LOS ANGELES—A U.S. District Court judge has denied a request for preliminary injunction in Perfect 10 v. RapidShare, a lawsuit filed late last year by the model site against the Germany-based file hosting site that alleges copyright infringement.
In her 15-page decision, District Judge Marilyn L. Huff did not deny that direct infringement of Perfect images was occurring. Neither did Rapidshare, for that matter. But the service claimed that Perfect 10 never bothered to inform it about where the infringed images were located, and because RapidShare has no search function, it was unable to find the images in order to remove them.
“RapidShare cannot locate and delete files where the only information provided is [an] image,” claimed the defendants, who stated that their Abuse Department had found and taken down “certain files whose download links were identified on the screen shots that [Perfect 10 owner Norm] Zada attached to his declaration.”
Huff ruled that Perfect 10 had thus failed to show that RapidShare had failed to take simple measures to “prevent further damages to plaintiff’s copyrighted works. Rather, the evidence suggests that RapidShare is using information provided by plaintiff to locate and remove infringing materials, and is also taking independent steps to identify, locate, and remove infringing files.”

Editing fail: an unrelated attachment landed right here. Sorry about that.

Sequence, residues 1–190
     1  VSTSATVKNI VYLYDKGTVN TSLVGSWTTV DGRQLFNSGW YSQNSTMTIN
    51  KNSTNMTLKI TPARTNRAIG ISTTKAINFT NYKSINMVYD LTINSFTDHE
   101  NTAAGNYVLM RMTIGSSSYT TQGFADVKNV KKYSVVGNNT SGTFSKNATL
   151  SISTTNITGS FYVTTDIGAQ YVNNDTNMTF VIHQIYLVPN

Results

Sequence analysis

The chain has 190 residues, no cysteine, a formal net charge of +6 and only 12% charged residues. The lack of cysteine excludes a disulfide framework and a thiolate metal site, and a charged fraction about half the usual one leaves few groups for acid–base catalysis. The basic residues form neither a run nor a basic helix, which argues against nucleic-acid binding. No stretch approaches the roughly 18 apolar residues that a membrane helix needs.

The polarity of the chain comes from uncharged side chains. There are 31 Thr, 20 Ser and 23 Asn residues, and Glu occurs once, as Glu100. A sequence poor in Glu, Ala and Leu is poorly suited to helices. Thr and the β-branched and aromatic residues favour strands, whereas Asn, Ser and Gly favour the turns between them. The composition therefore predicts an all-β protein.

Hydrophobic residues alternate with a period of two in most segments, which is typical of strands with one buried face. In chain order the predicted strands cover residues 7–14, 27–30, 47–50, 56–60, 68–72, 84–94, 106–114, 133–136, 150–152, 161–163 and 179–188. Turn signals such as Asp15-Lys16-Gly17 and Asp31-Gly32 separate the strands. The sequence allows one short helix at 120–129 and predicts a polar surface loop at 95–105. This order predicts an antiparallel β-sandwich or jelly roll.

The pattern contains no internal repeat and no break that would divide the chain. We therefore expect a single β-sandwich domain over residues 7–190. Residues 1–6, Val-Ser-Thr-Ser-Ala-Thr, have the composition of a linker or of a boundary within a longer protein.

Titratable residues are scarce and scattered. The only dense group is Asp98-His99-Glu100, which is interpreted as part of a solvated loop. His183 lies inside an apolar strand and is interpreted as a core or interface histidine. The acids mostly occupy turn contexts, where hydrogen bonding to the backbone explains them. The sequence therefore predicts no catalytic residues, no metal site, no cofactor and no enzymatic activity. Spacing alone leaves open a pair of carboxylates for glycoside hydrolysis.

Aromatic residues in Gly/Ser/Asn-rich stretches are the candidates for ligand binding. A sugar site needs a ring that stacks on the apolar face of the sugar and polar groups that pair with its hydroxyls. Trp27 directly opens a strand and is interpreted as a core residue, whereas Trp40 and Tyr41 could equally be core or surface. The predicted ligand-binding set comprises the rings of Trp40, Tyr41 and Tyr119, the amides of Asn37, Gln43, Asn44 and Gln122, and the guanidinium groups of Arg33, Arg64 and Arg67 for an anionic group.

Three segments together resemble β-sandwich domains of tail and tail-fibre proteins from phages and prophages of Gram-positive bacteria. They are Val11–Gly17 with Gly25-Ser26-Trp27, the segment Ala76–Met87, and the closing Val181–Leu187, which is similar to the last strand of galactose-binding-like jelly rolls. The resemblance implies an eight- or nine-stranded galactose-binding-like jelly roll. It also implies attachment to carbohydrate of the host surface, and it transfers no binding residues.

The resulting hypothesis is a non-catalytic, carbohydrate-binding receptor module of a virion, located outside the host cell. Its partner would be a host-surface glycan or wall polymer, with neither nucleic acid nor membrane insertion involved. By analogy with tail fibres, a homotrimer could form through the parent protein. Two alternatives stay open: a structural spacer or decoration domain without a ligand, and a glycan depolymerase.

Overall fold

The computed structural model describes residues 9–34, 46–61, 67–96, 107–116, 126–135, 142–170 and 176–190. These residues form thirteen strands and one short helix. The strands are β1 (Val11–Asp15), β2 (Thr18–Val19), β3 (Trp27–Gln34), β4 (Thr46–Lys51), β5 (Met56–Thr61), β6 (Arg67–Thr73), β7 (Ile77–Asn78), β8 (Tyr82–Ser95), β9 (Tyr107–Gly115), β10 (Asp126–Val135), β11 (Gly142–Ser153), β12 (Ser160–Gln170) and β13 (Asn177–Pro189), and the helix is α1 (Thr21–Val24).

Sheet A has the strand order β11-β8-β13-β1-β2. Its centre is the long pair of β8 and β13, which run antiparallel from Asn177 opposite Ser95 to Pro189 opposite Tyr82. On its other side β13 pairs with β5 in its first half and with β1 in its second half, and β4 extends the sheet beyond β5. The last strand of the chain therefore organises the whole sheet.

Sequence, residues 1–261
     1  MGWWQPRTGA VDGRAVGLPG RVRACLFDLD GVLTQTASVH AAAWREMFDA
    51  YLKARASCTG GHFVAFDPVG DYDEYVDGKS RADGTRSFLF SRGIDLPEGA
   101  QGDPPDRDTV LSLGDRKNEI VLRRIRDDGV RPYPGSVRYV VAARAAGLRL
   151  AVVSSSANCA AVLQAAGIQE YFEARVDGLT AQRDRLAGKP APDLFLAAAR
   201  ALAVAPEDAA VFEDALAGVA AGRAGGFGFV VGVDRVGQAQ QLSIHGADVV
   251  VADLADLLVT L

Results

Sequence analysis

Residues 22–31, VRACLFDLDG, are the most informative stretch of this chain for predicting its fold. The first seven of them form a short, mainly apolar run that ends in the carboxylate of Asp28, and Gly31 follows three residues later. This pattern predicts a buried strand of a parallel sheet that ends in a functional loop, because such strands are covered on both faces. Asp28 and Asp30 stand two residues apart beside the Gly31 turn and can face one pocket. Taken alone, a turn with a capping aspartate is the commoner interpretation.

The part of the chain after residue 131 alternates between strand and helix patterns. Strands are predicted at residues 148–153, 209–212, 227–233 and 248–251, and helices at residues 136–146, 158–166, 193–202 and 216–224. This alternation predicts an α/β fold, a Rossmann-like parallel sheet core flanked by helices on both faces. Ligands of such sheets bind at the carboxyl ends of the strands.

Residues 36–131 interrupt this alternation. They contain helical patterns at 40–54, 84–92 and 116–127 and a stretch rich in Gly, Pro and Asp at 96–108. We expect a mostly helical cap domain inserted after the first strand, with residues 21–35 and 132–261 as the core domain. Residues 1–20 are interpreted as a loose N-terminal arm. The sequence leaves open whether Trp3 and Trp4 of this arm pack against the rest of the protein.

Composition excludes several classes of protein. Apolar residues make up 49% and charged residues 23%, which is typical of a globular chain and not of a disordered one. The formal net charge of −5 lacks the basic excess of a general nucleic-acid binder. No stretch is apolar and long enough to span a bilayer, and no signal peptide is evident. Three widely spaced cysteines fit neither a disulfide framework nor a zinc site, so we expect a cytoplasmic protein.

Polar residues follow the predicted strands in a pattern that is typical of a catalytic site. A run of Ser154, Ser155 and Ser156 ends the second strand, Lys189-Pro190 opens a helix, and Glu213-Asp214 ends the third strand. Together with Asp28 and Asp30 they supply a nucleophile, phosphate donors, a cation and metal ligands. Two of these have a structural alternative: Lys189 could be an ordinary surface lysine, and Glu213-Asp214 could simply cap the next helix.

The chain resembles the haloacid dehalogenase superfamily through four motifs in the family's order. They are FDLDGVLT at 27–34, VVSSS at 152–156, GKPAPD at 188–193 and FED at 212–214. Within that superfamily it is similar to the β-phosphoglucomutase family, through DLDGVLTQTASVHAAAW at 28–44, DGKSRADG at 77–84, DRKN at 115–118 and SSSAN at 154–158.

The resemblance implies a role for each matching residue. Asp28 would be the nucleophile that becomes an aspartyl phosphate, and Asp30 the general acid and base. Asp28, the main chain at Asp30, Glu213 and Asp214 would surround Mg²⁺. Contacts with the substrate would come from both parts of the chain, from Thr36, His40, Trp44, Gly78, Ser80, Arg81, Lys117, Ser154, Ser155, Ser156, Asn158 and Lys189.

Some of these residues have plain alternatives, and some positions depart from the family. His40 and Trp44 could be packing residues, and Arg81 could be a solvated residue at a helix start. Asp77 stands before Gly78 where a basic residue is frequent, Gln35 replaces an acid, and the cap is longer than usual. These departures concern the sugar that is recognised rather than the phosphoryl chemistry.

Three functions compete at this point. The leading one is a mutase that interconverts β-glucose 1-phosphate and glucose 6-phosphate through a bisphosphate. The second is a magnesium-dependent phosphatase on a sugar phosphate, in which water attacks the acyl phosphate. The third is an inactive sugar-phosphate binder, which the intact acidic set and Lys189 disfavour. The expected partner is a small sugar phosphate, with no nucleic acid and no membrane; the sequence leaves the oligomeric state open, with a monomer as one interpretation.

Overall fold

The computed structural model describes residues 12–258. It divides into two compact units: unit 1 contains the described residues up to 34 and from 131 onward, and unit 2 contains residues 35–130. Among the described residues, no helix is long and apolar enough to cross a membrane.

Huff also found that RapidShare was not guilty of inducing infringing activity, despite Perfect 10’s claim that the service’s affiliate program was an inherent inducement because people who infringed got paid.
“However,” wrote Huff, “RapidShare contends that “it terminated its cash rewards program well before it filed its Jurisdictional Motions because it became concerned that program was being used by some users to promote infringement.” RapidShare also convinced the judge that it strove to eliminate infringing uses.
As noted by Ars Technica, in failing to prove its claims, Perfect 10 is at least partly to blame for its failure to make a strong enough case that the judge thought it would prevail in a trial. Further, Huff noted that Perfect 10 waited four years to file its lawsuit against RapidShare, fact that, combined with its other failures, doomed its request.
“Considering plaintiff’s apparent lack of interest in self-help measures and its delay in bringing this action, the Court concludes that, at present, the equities do not weigh in favor of granting injunctive relief.”
Perfect 10 is still expected to forge ahead with the suit.
A copy of the ruling is available here.